Local market indicators shrug off bad news – for now
We are just weeks away from elections with many voters unsure who to vote for or if to vote at all.
The petrol price went up steeply, the economy is marooned, corruption news continues to come thick and fast and the public protector, a loose cannon at the best of times, is investigating President Cyril Ramaphosa for monies received from sleaze machine Bosasa.
As fast as we throw billions Eskom’s way to keep the diesel generators running, it presents new bills of even more billions it wants from us. It will now only be okay if it can somehow reduce its R420-billion debt by R250-billion or so.
Billions have been stolen, but even though the perpetrators are named in any number of reports and inquiries, none is yet to see the inside of a courtroom, never mind attend a fitting for an orange overall.
Copies of the book, Gangster State: Unravelling Ace Magashule’s Web of Capture by Pieter-Louis Myburgh, were torn up at a launch in Sandton on Tuesday. Magashule, the ANC’s secretary general, will now presumably take steps to make sure no ANC members were involved.
The International Monetary Fund (IMF) this week downgraded its growth projection for the South African economy for 2019 to 1.2% from 1.4% and to 1.5% from 1.7% for 2020, citing policy uncertainty after the May elections.
We are hoping for more political clarity after May 8 but, depending on the outcome, may actually have less certainty than now. If the ANC does badly, will Ramaphosa survive as leader?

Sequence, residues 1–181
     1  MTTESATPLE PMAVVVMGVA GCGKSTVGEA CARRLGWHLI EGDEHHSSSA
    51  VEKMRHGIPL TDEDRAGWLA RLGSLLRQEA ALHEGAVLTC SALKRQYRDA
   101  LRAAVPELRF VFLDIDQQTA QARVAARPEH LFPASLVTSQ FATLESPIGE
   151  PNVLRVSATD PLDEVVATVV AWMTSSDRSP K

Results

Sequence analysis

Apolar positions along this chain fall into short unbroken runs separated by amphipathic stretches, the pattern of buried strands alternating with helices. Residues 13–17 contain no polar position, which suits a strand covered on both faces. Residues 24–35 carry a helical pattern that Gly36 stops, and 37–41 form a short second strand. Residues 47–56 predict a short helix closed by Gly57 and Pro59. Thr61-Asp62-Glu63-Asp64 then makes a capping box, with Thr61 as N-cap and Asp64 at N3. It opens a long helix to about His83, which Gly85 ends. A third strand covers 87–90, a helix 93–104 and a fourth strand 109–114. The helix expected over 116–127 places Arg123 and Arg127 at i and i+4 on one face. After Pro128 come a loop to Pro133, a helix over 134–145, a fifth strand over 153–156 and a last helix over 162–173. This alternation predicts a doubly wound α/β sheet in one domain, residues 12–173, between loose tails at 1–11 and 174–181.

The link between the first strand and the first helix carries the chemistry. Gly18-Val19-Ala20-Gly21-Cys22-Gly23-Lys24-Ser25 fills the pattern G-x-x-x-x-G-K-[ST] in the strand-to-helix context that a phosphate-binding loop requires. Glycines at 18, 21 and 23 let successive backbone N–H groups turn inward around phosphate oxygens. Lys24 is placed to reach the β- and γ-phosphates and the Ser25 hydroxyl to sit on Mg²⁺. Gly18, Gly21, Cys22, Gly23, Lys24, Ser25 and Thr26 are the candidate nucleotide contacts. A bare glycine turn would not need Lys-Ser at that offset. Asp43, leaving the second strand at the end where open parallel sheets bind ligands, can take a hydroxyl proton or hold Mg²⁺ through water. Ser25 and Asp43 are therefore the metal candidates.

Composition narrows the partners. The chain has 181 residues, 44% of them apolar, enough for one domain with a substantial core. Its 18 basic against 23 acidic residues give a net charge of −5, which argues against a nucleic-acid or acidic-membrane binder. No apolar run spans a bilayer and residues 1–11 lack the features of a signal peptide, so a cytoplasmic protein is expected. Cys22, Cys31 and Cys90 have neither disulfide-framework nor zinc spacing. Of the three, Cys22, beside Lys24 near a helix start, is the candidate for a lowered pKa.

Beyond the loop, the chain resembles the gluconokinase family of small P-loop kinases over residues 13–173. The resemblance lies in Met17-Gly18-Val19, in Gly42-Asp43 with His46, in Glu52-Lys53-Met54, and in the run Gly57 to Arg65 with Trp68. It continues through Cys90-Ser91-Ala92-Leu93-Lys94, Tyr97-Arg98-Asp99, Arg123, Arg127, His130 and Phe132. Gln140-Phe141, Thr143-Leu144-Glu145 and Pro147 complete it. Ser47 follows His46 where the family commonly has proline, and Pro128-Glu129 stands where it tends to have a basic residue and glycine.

If you want to look on the bright side, as Fin24 did, you could note that the IMF’s projected 1.2% growth for this year is a considerable increase — 50% — on last year’s 0.8%.
And you could find justification in that we are not alone: the IMF has downgraded its global growth projections.
“A year ago, economic activity was accelerating in almost all regions of the world,” it says in a blog on its website. “One year later, much has changed. The escalation of United States-China trade tensions, needed credit tightening in China, macroeconomic stress in Argentina and Turkey, disruptions to the auto sector in Germany, and financial tightening alongside the normalisation of monetary policy in the larger advanced economies have all contributed to a significantly weakened global expansion, especially in the second half of 2018.
“With this weakness expected to persist into the first half of 2019, our new World Economic Outlook projects a slowdown in growth in 2019 for 70% of the global economy. Global growth softened to 3.6% in 2018 and is projected to decline further to 3.3% in 2019,” the blog says.
But if bad news seems to be crowding out any good news, local market indicators appear not to be taking notice. The rand slipped below the R14 to the dollar mark on Wednesday and remained below this level for the day, the 10-year RSA government bonds traded at 8.45% — yields not seen for more than three years — and the JSE all-share closed at 58 382, a seven-month high. In contrast, the latest business confidence figures came in at a seven-month low.
Independent analyst Johann Biermann tweeted: “USDZAR below R14. Yesterday our All Bond Index closed at an all-time high. Pretty amazing given SA’s current risks and outlook.”
But it is largely international factors, mainly expectations of the US interest rate cycle, which drove our better fortunes this week.
Whereas until recently the US Federal Reserve was seen to be most likely to continue to hike rates, it has hit the pause button and cuts could be more likely now. This puts emerging markets, South Africa included, back in favour.
The May 8 election could see the continuation of Ramaphosa-led reforms and the neutralisation of Magashule and his supporters. Until then, we’ll hold our breath.